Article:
Security and encryption are something that in my experience, computer users do not worry about until a situation arises out of the neglect. Then, everyone jumps to the situation. The scrambles to security, in retrospect, cause each of us to focus back on the exact reasons we had a breach of security in the first place. In my short time back in Information Technology I saw computer users that take the time to strengthen passwords and others that do not take the time. The number of password resets and password unlocks I got daily gave me enough of an appreciation that security was a major issue in any network. The underbelly of where I worked in I assumed functioned on security keys and secure servers. The only time I remember hearing about DMZ or the de-militarized zone on our network was when we had suffered problems in our network infrastructure. From my perspective though, I did not have to deal with setting up PGP or encryption. Usually, it was assumed our network administrators had the security well in hand.
In that respect, perhaps we need some people like our current domestic police force patrolling civilian networks. I say this because I agree with Ellen Nakashima’s report in the article written of U.S. cybersecurity plans lagging, critics say and the fact that Nakashima says “But the administration is still debating whether it needs new legal authorities – to strengthen the government’s ability to defend private sector networks, for example – or whether existing law allows such actions.” Accordingly, the fact that, as Nakashima says that not enough was done since Obama spoke about the national security highlights the fact of common need for protection.
However, now add in the history of the internet in being free and open and Whitfield Diffie and the article Crypto Rebels by Stephen Levy. Whit Diffie took a system without wide locks and gave a regular key to everyone with PGP. The idea of PGP, according to Levy, would put the power of securing documents in the hands of the public as opposed to system administrators. However, Diffie did not agree with this amount of control. So, in retrospect, he would oppose any idea of government having particular control over the network. He would be wary of Obama’s level of control envisioned.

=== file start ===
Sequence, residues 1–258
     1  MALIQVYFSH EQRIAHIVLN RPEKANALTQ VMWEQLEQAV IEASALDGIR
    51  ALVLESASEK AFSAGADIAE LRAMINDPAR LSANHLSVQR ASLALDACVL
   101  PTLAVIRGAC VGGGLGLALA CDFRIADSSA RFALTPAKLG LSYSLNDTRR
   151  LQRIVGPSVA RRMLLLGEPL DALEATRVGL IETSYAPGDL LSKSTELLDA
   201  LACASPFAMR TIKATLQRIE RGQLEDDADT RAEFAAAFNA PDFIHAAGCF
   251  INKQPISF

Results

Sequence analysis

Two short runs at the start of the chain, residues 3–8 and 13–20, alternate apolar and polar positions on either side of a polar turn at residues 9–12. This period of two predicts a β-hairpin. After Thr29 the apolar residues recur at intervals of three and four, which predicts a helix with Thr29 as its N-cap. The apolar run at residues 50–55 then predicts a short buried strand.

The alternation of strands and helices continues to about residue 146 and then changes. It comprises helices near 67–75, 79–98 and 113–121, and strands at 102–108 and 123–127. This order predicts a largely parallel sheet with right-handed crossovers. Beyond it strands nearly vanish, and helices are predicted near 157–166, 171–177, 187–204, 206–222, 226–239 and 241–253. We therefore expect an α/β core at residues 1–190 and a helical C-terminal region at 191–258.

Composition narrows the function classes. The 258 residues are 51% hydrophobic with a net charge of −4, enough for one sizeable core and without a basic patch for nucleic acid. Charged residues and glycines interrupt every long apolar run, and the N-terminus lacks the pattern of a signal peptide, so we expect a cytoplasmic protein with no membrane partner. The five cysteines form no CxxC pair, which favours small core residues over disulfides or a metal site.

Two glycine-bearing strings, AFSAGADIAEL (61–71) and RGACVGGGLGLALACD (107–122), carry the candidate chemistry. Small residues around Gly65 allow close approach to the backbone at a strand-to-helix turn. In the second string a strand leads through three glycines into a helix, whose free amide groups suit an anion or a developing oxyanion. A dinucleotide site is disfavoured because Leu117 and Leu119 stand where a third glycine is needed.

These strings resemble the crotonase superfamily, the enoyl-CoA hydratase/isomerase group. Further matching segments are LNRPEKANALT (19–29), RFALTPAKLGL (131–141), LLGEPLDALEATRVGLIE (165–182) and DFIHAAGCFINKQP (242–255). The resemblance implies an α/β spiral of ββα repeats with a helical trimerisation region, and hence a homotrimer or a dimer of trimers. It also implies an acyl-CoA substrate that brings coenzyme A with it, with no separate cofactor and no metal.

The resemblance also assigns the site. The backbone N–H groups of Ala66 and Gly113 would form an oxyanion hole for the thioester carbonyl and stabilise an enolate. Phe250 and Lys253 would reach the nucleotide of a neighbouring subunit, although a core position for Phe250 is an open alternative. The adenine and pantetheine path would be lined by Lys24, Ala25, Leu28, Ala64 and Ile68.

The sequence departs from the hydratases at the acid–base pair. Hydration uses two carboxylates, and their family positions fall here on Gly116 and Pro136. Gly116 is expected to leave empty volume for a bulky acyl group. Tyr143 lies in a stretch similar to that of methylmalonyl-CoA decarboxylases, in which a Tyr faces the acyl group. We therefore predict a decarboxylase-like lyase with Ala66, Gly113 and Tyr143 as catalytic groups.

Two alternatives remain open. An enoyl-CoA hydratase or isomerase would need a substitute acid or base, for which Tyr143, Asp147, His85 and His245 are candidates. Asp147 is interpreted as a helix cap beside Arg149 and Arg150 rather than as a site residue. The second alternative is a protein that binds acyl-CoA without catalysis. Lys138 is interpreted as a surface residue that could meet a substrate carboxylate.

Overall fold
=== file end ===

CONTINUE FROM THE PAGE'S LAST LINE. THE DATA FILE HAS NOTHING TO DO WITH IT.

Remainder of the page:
However, consider the idea if police departments would each employ a hacker officer or an officer that is duly trained to be both police and cybersecure. The question might surround why it is necessary. However, thinking about the fact that police protect the physical public then why not the electronic. Surely, police officers tend to act on orders or from request of different agencies for exposed security infractions on systems. Yet, with massive break-ins of systems such as target, the need for watchdog security might be a solution to consider. Then again, with police officers posing on chatrooms to catch child predators, such as shows past such as “To Catch a Predator”, perhaps such measures are already there. Maybe even Diffie would relent with those reasons.
The application to communication though is far more specific. As such, with communication technologies such as wireless networks, different levels of encryption exist. However, during older implementations of these types of encryption, users would experience a slow-down due to increased levels of calculation. Now, with faster processing on devices capable of transmitting and receiving wireless signals, the slow-down is not so much of a problem. The extra step then, as I related in the beginning, relies on users of technology wanting to take the time on being secure.
The specific focus this week, though, is not especially on the appreciation of Security and Encryption as to how everyone would use it but how I would use either PGP or GPG and why.
If I was to pick the security I would try before I looked at the differences between PGP and GPG I would take PGP because I have known about it longer. The GPG suite seems alright and is open source so I would consider it. However, if I wanted to secure my data and access the internet I would start using Tails more.
The downside of tails is that it does not allow for permanent storage although storage could be setup. Tails loads into a computers RAM and since RAM is based on electrical signals, once your computer goes off it completely resets the memory so there is no trace. However, because of that I don’t have a practical use for Tails since I can’t save any documents I’m working on.
Now, I would look at PGP or GPG as a solution if only for the rare case that if I was say emailing a friend I was coming over, and the friend was murdered before I arrive and I was suspect for murdering him even though I was driving when it happened. I don’t see a reason to encrypt my data.
If I did, I would have to deal with the fact as I said above that not many people are concerned with security and having to get friends and family to install encryption to so that can uncrypt my messages I send to them.